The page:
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F1 Technique: Explaining performance variance between F1 cars

How come there’s lap time difference of some two seconds between two Formula 1 cars powered by the same engine and shod on the same type of Pirelli tires?

Here are the data obtained from the F1 timing system at Barcelona during this past weekend’s Spanish Grand Prix*.

Qualification session, 2013 Grand Prix of Spain, Barcelona
Driver                      Car                        Best time       Top speed
Vettel                       Red Bull RB9         1m21.054      306.2 km/h
Raikkonen                Lotus E21             1m21.177      313.1 km/h
Maldonado               Williams FW35      1m23.318      312.2 km/h
Van der Garde         Caterham CT03     1m24.661      310.8 km/h

*We used the qualification session as our benchmark since all drivers are pushing really hard unlike during the race where they have to save their tires. All these cars are powered by the same Renault engine.

F1 Caterham CT03
Caterham CT03-Renault. (Photo: WRi2)

From the data shown above, it is interesting to note that Sebastian Vettel’s Red Bull RB9 had the slowest top speed of all four cars. Kimi Raikkonen’s Lotus E21 was a full 7 km/h faster than the RB9 at the Barcelona speed trap. However, their lap times are practically identical.

So, if the engines, gearboxes, tires, and driving conditions are similar the only variables left that can explain the difference in lap time come from the drivers, the suspension geometries, the chassis, and the aerodynamics.

“The most crucial factor is aerodynamics,” told us Frank Dernie, former technical director for several F1 teams -- a career that lasted between 1976 and 2009.

“[There’s] probably a little bit of driver difference, too; maybe a touch of set-up ignorance, too. I learned back in the ‘70s that the suspension geometry makes little or no difference to lap time. It does influence driver feel and tire wear, but not lap time,” Dernie revealed.

Dernie, who spent most of his career with F1 teams Williams, Lotus, and Toyota says chassis stiffness does not come into play.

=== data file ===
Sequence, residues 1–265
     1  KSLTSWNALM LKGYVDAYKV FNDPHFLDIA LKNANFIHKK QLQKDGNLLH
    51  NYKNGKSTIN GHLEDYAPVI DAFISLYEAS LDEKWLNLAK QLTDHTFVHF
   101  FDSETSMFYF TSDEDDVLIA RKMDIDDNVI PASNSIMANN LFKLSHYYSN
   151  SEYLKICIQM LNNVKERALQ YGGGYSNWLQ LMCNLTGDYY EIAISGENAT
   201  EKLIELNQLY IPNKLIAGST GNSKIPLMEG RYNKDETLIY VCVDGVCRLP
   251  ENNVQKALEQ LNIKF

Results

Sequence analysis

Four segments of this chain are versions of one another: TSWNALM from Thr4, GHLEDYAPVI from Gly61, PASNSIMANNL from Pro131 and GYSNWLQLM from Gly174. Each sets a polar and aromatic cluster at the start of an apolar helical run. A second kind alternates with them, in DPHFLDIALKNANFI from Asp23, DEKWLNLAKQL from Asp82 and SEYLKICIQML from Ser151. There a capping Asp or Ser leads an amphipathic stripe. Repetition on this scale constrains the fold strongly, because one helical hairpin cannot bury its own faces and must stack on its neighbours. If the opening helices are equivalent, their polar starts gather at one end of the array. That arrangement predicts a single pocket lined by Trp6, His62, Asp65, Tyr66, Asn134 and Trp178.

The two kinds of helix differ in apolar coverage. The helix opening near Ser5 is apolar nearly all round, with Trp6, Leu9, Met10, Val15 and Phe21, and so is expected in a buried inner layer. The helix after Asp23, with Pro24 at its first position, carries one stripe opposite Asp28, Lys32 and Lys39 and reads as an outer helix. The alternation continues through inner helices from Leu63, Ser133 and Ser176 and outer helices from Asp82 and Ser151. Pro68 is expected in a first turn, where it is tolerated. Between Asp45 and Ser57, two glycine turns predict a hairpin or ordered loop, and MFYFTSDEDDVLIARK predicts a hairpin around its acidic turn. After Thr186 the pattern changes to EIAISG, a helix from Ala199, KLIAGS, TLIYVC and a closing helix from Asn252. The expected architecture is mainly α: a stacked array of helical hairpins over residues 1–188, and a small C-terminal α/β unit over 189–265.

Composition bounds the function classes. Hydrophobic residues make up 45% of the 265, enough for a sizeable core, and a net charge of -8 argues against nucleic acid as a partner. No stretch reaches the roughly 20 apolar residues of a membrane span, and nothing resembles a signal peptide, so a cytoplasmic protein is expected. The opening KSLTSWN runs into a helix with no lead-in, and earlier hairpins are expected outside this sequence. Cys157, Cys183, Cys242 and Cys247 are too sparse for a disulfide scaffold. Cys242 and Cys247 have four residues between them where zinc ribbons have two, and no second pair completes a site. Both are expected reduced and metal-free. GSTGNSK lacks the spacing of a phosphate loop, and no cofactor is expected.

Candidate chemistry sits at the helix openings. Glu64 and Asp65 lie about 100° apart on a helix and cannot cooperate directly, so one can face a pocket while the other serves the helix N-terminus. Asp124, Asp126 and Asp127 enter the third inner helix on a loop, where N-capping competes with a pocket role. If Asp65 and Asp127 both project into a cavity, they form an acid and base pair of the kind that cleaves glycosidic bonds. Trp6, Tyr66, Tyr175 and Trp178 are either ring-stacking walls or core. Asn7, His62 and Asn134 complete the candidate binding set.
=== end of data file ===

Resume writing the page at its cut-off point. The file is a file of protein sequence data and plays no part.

“It is pretty well impossible to make a chassis strong enough to pass the safety tests which isn't stiff enough,” he explained.

So, difference in lap time boils down to efficient -- or inefficient -- aerodynamics.

“I first began to suspect this from testing in the mid-‘70s. The only things we changed which could actually be seen on the stopwatch were aerodynamics. Nothing I experienced since has countered this observation,” Dernie confessed to Auto123.com.

Despite the fact that to most fans, one F1 car looks exactly the same as another (such as the Red Bull RB9 and the Caterham CT03 pictured here), there are thousands of subtle discrepancies between them.

F1 Red Bull RB9 Renault
Red Bull RB9-Renault. (Photo: Red Bull Racing)

F1 Caterham CT03 Renault
Caterham CT03-Renault. (Photo: WRi2)

Knowing that downforce squares with speed (meaning that doubling speed makes four times as much downforce), little changes to aerodynamic components will generate huge differences in vertical forces (and drag) at high speeds.

“However, aerodynamics is much more complex than most people imagine, particularly on an open-wheeled car,” Dernie added as a warning, knowing that it is too easy to pinpoint just one reason to explain such a complex problem.

Getting aerodynamics slightly wrong is a lot easier to achieve than getting them right!